How test managers can overcome your agile testing challenges


TMap® HD was introduced to meet the testing challenges that modern agile organization face. Agile has caused many organizations to phase out the test manager role, reasoning that testing activities should be organized and managed within the agile teams.

TMap® HD was introduced to meet the testing challenges that modern agile organization face. As discussed in a previous post of mine, agile has caused many organizations to phase out the test manager role, reasoning that testing activities should be organized and managed within the agile teams.

This is causing unforeseen challenges for these organizations. In this post I will look at a number of these challenges and how a test manager can be positioned to resolve these.

Challenge: the business feels it has no control over quality

With quality of work the responsibility of the team and part of the definition of done, business may feel a loss of control over quality. As a reaction we’ve seen an acceptance testing phase added after the delivery of increments. However this negates many of the benefits received from agile software development in the first place. Delivering working software every 4 weeks will not help your organization when that software is stuck on an acceptance environment for months.

A solution is to put the test manager in a supporting position where he can act on behalf of the business, not unlike that of an architect. This could possibly be combined with the role of product manager. Aldert Boersma, co-author of “Neil’s quest for quality”, described this as one of the innovations of TMap® HD. The test manager could not only attend the sprint review taking into account the perspective of testing and acceptance, but it would also allow him to get direct feedback when gathering acceptance criteria, organizing product risk analyses and creating a test strategy. He would also be in a position to add acceptance criteria or important testing or testability requirements to user stories on the product backlog or the definition of done. In this way the test manager creates transparency on how quality is built into the product, giving the business the necessary confidence in the product delivered by the team.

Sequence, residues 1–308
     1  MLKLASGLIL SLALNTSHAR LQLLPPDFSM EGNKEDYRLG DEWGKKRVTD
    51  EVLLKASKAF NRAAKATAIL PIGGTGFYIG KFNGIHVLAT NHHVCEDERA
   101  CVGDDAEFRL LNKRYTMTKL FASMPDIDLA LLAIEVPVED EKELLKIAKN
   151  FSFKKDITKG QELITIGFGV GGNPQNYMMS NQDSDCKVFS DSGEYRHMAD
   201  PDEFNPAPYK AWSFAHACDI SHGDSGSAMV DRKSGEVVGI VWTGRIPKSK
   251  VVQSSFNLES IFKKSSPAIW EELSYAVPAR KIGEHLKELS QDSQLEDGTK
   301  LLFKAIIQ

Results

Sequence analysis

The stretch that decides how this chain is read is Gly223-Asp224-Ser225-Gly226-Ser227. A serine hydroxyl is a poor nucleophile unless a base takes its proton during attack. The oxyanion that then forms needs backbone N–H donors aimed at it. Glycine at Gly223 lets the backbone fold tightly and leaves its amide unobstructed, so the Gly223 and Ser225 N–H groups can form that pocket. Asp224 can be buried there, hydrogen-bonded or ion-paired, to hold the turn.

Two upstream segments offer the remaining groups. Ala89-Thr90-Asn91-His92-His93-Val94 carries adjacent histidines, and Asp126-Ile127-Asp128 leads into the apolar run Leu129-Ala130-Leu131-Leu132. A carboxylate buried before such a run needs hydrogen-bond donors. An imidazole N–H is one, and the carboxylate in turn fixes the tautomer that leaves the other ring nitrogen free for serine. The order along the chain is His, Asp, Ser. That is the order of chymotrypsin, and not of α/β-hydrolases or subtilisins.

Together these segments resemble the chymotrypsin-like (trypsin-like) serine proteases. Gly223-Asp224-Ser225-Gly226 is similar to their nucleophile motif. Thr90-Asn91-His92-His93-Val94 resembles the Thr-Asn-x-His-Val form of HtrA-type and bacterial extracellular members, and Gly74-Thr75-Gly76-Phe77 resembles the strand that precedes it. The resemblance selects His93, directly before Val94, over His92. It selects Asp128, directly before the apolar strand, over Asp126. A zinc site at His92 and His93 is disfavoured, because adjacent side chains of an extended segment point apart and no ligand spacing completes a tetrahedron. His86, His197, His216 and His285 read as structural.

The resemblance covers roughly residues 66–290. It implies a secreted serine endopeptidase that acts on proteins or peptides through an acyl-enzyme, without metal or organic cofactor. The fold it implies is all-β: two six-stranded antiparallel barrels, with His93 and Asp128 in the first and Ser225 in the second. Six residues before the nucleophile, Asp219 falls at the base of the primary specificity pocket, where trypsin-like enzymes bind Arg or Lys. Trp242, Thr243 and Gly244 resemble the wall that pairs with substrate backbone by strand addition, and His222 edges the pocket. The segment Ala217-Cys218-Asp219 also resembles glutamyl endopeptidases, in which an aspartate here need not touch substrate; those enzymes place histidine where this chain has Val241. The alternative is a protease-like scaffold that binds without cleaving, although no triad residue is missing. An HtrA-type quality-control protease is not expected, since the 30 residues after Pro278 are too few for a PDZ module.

One downside of this position however is that the test manager is distanced from the development team that will have to execute his test strategy. One could argue though that that would have been a test coordinator’s role anyway. Which leads us to the next challenge.

Challenge: the team struggles with the concept of built in quality